Is this the best way of reaching fellow Christians whose minds we want to change? See my piece today at Religion News Service.
So when do we speak “truth” and when do we hold back, knowing that our truth might cause irreparable damage to another truth or, perhaps, a greater truth? When do we consider how truth-telling in a Rob Reiner film might affect our neighbors or family or the people we sit next to in the pew every Sunday — fellow believers and Christian friends who might think it is a good idea to fly a flag in the sanctuary? How do we think about truth-telling in the context of those truths that just might be inconvenient or might not fit a particular brand or platform?
In other words, when are we speaking truth to power and when are we casting our pearls before swine? These are not easy questions to answer and many evangelicals who labor in the public square will answer them in different ways. But we shouldn’t dismiss them.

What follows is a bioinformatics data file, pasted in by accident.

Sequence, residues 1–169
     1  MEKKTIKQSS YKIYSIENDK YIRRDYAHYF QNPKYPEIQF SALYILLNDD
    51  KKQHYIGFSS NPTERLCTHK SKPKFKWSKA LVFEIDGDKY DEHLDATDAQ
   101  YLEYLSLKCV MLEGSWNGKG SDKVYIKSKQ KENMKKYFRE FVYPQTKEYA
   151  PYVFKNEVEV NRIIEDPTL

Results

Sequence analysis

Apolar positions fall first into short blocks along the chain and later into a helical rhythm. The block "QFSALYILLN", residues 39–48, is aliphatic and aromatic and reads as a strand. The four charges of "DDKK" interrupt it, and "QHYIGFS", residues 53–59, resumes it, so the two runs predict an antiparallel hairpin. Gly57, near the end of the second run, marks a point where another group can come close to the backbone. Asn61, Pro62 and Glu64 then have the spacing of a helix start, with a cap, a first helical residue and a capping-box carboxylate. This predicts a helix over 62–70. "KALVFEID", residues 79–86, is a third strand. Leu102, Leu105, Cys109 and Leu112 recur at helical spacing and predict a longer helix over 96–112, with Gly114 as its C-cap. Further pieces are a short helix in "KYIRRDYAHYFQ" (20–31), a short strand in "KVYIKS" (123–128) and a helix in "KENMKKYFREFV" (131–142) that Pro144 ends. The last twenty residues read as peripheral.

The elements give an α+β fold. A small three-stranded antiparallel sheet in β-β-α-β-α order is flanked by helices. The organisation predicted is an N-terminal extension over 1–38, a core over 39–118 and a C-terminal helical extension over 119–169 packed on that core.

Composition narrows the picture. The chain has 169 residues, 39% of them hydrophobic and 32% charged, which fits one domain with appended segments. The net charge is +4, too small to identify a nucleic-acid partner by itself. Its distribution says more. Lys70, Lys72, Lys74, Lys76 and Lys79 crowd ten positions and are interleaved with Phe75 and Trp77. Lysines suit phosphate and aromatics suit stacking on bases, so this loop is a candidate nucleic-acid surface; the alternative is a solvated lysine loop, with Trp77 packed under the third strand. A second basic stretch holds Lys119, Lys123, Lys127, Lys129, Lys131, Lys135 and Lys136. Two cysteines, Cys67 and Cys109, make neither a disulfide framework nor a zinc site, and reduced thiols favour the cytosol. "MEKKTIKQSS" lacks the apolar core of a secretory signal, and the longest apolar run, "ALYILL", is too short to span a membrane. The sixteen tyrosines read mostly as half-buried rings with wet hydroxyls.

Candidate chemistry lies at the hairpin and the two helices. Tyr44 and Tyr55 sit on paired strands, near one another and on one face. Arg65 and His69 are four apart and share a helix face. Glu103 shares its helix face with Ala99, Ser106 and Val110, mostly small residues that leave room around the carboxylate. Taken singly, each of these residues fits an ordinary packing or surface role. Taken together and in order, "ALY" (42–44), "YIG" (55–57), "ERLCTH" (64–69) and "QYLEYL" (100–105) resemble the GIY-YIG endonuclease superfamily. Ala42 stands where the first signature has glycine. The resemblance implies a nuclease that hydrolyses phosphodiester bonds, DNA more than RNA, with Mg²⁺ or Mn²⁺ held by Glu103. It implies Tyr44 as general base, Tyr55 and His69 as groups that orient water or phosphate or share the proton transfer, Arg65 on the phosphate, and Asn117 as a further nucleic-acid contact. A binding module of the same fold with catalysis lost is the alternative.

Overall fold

In the end, I think it is best to just wait until February when we all get a chance to watch Reiner’s movie. I will be paying special attention to how his Hollywood public relations team rolls it out. But this whole dust-up also raises deeper issues about evangelical political engagement and the best way to address the real problems facing the church today. Will the people who need to hear about Christian nationalism ever watch — or heed — this film? Is this the best way of reaching our fellow believers whose minds we want to change?
How much longer do we keep preaching to the choir and call it “truth-telling”?
Read the entire piece here.